Energy regulator Ofcom lifted the price cap on bills in April, sending the average household dual-fuel tariff from £1,278 to £1,971. That is due to increase again in October, with some experts expecting the price cap to hit £2,600.
Chancellor Rishi Sunak attempted to soften the blow via council tax rebates and help with bills. The plans will mean a £200 discount on energy bills for households from October, which will be paid back over next five years at £40 per year starting in April 2023.
In England, households in council tax bands A to D received a £150 discount from April. Funds for the equivalent discounts will be provided to devolved nations in the UK.
However, this aid ahs been criticised as insufficient to counter the scale of the increases while the price cap does not apply to business customers.
Bosses of the UK’s largest energy firms have called on the government to intervene with ‘unprecedented’ measures to prevent a fuel poverty crisis next winter.
The chief executives told MPs investigating energy prices that while pre-payment customers were already reeling from the effects of rising bills, they expected the numbers in financial distress to only increase from October.
Furthermore, the government now says that businesses that use high levels of energy are to get more support from the government for electricity costs.
Ministers said an Energy Intensive Industries Compensation Scheme will be extended for a further three years and its budget will be more than doubled.
The scheme provides businesses with relief for the costs of the UK Emissions Trading Scheme and Carbon Price Support mechanism in their electricity bills and will now offer support for companies that manufacture batteries for electric vehicles.
The government said the extended support would be on top of the £2 billion it has already provided since 2013 to support such businesses with the price of electricity bills.
It will also consider other measures to help businesses, including increasing the renewable obligation exemption to 100%.
Looking to the long-term, the government recently unveiled its new Energy Strategy, which aims to boost UK energy independence and tackle rising prices. Under the government’s new plan, up to 95% of the UK’s electricity could come from low-carbon sources.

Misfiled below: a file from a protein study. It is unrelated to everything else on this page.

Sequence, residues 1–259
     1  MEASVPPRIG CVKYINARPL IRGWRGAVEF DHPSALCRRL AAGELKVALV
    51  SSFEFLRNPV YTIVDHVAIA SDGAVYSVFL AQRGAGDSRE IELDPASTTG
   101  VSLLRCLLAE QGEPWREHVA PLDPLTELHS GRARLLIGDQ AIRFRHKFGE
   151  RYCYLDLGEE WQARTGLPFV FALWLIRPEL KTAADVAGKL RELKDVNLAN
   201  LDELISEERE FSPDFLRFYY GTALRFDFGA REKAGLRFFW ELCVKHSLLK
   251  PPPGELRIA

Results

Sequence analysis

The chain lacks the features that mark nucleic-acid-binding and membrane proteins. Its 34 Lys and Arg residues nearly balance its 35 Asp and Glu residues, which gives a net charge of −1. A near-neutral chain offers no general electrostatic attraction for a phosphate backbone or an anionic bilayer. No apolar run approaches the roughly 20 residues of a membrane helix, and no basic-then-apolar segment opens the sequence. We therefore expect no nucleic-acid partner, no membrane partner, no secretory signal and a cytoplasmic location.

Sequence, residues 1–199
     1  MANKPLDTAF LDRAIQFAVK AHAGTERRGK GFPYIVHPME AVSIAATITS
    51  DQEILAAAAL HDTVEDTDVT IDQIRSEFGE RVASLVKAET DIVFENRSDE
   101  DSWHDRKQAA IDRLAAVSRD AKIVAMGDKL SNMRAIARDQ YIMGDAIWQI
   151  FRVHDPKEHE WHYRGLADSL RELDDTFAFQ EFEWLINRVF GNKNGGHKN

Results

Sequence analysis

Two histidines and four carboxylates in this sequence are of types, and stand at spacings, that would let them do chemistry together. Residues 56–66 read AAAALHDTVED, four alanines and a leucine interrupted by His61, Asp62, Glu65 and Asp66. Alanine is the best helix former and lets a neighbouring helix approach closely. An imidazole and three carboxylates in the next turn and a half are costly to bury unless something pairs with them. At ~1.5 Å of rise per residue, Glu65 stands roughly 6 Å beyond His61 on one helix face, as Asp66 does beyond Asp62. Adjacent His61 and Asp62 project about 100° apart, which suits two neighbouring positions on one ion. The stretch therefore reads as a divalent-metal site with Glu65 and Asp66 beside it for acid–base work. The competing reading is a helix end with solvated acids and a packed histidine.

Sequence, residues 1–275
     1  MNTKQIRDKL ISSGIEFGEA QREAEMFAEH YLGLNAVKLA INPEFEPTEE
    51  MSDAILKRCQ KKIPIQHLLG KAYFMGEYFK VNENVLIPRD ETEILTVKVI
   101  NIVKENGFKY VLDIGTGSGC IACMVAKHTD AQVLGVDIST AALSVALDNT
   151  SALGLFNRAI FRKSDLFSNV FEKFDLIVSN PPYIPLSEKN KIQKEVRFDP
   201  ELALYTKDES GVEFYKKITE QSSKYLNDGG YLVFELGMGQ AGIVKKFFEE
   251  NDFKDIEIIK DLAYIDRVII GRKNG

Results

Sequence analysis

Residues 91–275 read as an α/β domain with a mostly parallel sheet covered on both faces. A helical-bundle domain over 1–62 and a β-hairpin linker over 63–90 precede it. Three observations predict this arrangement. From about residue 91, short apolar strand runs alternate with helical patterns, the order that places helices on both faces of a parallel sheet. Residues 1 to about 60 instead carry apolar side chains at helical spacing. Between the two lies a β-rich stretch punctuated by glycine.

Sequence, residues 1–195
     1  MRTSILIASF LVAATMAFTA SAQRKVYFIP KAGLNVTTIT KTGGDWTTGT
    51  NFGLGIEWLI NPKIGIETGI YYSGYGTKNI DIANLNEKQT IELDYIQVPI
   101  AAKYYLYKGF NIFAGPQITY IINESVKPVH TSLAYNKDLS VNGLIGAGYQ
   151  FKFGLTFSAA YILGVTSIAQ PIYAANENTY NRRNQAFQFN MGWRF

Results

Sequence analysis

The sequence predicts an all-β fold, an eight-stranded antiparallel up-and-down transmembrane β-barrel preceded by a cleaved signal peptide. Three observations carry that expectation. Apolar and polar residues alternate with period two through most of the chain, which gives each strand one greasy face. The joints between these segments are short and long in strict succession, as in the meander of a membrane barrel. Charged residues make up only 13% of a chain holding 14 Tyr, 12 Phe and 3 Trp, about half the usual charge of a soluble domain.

Business groups, including the Confederation of British Industry (CBI), the British Chambers of Commerce (BCC) and the Trades Union Congress (TUC) reacted to the publication of the Energy Strategy.
The CBI stated that the Strategy ‘sets an ambitious bar for a more resilient, low carbon energy system for the future’. Rain Newton-Smith, Chief Economist at the CBI, said: ‘Bold words must now be matched by bold actions from the government. The proof will be in the Strategy’s delivery, in partnership between business and government. Business believes greater energy independence must go hand in hand with delivering a net-zero, higher growth economy.’
The BCC labelled the Strategy as a ‘missed opportunity’. Alex Veitch, Director of Policy and Public Affairs at the BCC, said: ‘The transition to the cheaper, cleaner energy sources of tomorrow is vital, however prices are soaring today, and businesses need support now. This strategy is a missed opportunity to provide that which is why we are urging the government to introduce a temporary SME price cap, expansion of the energy bills rebate scheme to include SMEs and a six-month extension to the Recovery Loan Scheme.’
The TUC said that the Strategy ‘fails to rise to the challenge of the climate emergency’. Frances O’Grady, General Secretary of the TUC, said: ‘It does little to reassure the millions of workers facing big falls in their living standards due to soaring energy costs.
‘A mass home insulation programme would slash bills and create over 200,000 jobs. But it is entirely missing from the strategy.’
The Energy Strategy can be found in full here.